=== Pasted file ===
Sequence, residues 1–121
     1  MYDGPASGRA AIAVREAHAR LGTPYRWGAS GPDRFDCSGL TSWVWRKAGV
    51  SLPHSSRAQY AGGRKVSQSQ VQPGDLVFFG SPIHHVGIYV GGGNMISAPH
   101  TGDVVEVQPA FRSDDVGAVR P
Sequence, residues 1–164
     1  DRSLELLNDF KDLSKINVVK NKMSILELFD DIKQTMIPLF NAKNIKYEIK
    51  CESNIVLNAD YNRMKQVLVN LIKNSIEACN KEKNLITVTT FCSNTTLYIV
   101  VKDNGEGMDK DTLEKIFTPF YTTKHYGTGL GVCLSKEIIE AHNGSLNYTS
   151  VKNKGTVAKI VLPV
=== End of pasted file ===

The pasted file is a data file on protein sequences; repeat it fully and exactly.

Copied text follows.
Sequence, residues 1–121
     1  MYDGPASGRA AIAVREAHAR LGTPYRWGAS GPDRFDCSGL TSWVWRKAGV
    51  SLPHSSRAQY AGGRKVSQSQ VQPGDLVFFG SPIHHVGIYV GGGNMISAPH
   101  TGDVVEVQPA FRSDDVGAVR P
Sequence, residues 1–164
     1  DRSLELLNDF KDLSKINVVK NKMSILELFD DIKQTMIPLF NAKNIKYEIK
    51  CESNIVLNAD YNRMKQVLVN LIKNSIEACN KEKNLITVTT FCSNTTLYIV
   101  VKDNGEGMDK DTLEKIFTPF YTTKHYGTGL GVCLSKEIIE AHNGSLNYTS
   151  VKNKGTVAKI VLPV